I first met Granvel Hopkins back in February at one of the weigh-ins for the Bassmaster Elite Series on the St. Johns River. Sitting in the crowd, he was introduced as an Army veteran of three wars AND a three-time Purple Heart recipient.
He carefully stood and waved to the crowd as they cheered him for his service to America. After the weigh-in ended, I knew I had to meet Mr. Hopkins. He was walking with his daughter, Lynn, back to the parking lot. I introduced myself and thanked him for his service to our country.
They were both gracious with their time, but I didn’t want to hold them too long. We talked for a few minutes and I told him and his daughter I’d like to talk with them both soon about his military service.
I would see them again later that month. The Palatka City Commission honored Mr. Hopkins – known as Hoppy – with a Palatka Pride Hometown Hero award. The award was part of a proclamation recognizing Black History Month.
And if you want to talk about history, Mr. Hopkins is a walking account of history of U.S. wars fought in the 20th century. Now living in San Mateo with his daughter, Hoppy served his country in three wars – at the end of World War II and then in the Korean and Vietnam wars. Unbelievable.
Mr. Hopkins' first duty at the end of World War II was helping to clean up concentration camps. He would go on to serve as an Army Ranger and lead a platoon in Vietnam. Hopkins spent 35 years in the Army.
Prior to his city recognition in February, a video from a 2019 interview with a Jacksonville television station was played to the audience at City Hall.
His daughter talked about how she didn’t know much about his military history until she moved in with him and discovered his numerous Army records, medals and commendations.
In the video, Mr. Hopkins talks about having his aunt sign for him to join the Army at the age of 16 after his mother refused to do so. “She raised hell with my aunt,” Hopkins said in the TV news video.
The Hopkins family turned down an opportunity to be interviewed for this Salute column, with Lynn Hopkins saying she didn’t want to bring up his military career with him too often. She said she loved, honored and respected her dad and just wanted to live in peace with him now. Lynn Hopkins did say her dad continues to live “true to his oath he took when he joined the Army and all that he went through.”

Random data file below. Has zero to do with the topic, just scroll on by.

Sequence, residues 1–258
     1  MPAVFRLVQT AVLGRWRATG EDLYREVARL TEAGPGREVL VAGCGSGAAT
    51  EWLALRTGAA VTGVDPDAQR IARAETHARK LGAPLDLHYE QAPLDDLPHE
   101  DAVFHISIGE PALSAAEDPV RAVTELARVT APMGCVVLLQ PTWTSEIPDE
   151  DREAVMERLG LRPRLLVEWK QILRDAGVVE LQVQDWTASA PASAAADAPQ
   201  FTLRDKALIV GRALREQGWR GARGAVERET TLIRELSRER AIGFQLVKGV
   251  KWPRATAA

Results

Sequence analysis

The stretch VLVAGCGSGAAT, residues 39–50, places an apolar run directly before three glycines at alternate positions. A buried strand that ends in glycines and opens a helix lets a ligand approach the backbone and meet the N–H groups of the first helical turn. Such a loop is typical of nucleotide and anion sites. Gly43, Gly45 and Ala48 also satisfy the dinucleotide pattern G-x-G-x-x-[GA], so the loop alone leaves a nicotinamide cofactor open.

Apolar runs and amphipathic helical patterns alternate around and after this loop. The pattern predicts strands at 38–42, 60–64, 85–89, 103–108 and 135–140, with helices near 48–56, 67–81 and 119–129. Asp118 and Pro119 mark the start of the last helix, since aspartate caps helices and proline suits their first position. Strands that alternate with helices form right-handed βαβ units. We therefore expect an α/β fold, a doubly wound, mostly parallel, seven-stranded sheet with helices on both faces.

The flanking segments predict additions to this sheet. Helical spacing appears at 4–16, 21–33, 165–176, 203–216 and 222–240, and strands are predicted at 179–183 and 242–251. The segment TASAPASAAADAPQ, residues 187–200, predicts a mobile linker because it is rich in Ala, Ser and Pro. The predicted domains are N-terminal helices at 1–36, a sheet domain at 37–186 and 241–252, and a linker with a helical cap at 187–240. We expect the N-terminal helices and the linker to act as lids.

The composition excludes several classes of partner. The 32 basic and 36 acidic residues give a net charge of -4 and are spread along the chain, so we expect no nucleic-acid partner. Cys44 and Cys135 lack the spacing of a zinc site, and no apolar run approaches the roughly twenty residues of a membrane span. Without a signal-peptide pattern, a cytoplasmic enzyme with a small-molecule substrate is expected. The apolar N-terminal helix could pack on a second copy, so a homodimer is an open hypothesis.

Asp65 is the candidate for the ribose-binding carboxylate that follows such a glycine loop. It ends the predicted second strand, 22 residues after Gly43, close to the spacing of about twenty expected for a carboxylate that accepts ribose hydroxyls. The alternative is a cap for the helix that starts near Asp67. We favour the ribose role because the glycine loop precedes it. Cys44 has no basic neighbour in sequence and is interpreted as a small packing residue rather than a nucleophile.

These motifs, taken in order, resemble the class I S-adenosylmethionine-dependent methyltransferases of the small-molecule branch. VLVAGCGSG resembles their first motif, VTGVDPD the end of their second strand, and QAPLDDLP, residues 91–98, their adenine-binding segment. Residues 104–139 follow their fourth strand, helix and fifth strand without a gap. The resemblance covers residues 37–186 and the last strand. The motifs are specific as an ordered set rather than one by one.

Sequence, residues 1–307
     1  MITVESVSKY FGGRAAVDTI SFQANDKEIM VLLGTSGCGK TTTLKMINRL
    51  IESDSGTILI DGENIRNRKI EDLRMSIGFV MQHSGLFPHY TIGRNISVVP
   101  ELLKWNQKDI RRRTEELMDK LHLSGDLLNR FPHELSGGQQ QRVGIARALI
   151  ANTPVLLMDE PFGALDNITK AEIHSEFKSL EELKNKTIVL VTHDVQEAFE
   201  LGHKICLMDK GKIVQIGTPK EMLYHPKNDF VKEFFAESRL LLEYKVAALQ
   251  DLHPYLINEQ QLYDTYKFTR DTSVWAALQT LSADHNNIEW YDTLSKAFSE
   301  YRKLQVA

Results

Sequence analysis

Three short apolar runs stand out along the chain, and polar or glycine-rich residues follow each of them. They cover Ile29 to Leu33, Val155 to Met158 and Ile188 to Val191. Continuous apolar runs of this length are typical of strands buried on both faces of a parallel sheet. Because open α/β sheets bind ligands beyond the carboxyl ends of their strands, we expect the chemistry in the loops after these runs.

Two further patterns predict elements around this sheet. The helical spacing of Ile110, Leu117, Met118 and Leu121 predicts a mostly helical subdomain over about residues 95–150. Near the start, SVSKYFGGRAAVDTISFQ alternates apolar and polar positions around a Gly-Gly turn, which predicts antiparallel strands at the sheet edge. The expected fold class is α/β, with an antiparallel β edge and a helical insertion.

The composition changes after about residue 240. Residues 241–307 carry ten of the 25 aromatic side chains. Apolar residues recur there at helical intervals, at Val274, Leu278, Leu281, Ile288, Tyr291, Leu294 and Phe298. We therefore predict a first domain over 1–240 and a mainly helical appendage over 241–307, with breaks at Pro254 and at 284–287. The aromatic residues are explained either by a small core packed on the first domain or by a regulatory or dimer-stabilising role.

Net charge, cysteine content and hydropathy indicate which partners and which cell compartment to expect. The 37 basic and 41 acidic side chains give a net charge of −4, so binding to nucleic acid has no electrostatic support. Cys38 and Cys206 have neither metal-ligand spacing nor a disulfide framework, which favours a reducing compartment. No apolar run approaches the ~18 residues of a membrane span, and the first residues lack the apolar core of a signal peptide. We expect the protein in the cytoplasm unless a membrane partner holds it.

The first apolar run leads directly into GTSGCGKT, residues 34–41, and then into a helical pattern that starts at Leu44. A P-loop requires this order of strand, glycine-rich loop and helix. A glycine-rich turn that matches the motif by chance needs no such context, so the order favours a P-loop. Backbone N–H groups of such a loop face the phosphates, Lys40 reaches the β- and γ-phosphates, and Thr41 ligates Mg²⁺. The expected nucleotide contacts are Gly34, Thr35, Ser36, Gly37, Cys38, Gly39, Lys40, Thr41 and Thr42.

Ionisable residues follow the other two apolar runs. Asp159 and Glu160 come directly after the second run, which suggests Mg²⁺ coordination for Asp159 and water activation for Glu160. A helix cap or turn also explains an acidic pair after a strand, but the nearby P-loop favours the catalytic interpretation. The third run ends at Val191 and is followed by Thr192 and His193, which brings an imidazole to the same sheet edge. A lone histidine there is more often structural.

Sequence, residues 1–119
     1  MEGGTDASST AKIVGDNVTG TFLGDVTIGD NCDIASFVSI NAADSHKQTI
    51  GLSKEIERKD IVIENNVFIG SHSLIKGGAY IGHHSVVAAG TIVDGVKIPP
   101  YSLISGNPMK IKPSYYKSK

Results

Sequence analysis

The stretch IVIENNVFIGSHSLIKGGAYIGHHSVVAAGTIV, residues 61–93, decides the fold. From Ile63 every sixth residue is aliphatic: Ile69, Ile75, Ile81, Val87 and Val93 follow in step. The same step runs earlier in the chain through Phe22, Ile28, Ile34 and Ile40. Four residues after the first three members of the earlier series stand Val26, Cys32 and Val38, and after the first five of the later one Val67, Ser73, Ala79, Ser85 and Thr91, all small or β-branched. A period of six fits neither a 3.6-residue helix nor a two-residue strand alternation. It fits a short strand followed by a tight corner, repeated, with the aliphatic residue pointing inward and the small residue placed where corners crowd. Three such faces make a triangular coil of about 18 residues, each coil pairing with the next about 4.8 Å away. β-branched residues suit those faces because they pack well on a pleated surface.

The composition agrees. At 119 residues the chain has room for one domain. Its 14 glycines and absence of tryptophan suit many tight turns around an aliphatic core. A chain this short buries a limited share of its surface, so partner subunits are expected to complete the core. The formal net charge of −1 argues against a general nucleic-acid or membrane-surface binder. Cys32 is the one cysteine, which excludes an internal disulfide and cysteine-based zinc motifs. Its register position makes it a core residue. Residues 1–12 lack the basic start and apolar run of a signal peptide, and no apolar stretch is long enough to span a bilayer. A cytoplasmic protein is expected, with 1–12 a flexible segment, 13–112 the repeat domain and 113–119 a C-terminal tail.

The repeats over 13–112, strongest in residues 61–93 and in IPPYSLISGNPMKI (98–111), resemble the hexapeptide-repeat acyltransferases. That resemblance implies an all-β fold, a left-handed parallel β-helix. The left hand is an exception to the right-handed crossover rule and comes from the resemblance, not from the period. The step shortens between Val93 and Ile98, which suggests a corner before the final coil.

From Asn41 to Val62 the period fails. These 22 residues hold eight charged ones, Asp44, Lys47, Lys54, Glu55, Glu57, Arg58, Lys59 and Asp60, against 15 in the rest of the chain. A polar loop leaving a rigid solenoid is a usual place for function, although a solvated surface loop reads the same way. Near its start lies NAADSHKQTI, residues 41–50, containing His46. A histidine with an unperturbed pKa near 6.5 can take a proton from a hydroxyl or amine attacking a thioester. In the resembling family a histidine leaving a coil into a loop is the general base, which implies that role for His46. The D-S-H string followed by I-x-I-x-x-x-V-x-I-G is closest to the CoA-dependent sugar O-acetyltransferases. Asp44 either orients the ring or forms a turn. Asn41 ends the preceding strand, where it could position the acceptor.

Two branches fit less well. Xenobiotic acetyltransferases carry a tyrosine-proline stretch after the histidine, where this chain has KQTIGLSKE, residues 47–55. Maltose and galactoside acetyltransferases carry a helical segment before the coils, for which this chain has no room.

Palatka Mayor Terrill Hill wants Putnam County residents – particularly young residents – to know about what Mr. Hopkins endured. That’s why Hill wanted to honor Hoppy with the city award in February, recognizing the distinctions he has an American soldier.
“He was an Army Ranger during the time when African-Americans rarely were allowed to even apply for those positions,” Hill told me in October. “He was a Ranger in a segregated Army. It’s an amazing story of courage, fortitude and perseverance.
“But he’s so humble and so spirited at his age. We wanted to thank him in a special way. He’s from Ocala, but he has chosen to make Putnam County his home.”
Hoppy enjoys his days today fishing when he can, according to his daughter. His love for fishing is what brought him to the Bassmaster tournament in February.
Hill said that Hoppy will brag about his catches given the opportunity. But he said Mr. Hopkins is one who doesn’t like a lot of attention and does not share a whole lot of information about his time in the military.
That’s understandable for those who have seen the horrors of war. And Hopkins’ story might have never been told if not for his daughter’s discovery of his medals and commendations.
“His daughter came here from Atlanta to make sure he’s taken care of,” Hill said. “The two are inseparable. He’s always surrounded by love and the folks in this community have embraced him and his daughter.”
This special publication of the Palatka Daily News is intended to honor Hopkins and the veterans like him in Putnam County.
According to Keith Brandon, senior veterans service officer for Putnam County, there are just over 7,000 veterans in our county. Brandon said the largest of that number are Vietnam veterans, followed by Gulf War veterans.
Hill said Mr. Hopkins and all veterans deserve our honor and respect.
“He epitomizes the America we should live in,” Hill said. “It’s wonderful to see these veterans and the living example you can put your hands on about what you can accomplish once you commit yourself to something and are willing to make the ultimate sacrifice.
“These stories are extremely important. The resounding theme is they weren’t fighting for any particular race. They were fighting for the guy next to them.”
To Mr. Hopkins and each veteran who fought that fight for America, we thank you and we salute you.
Wayne Smith is the editor of the Palatka Daily News.
His email is email@example.com.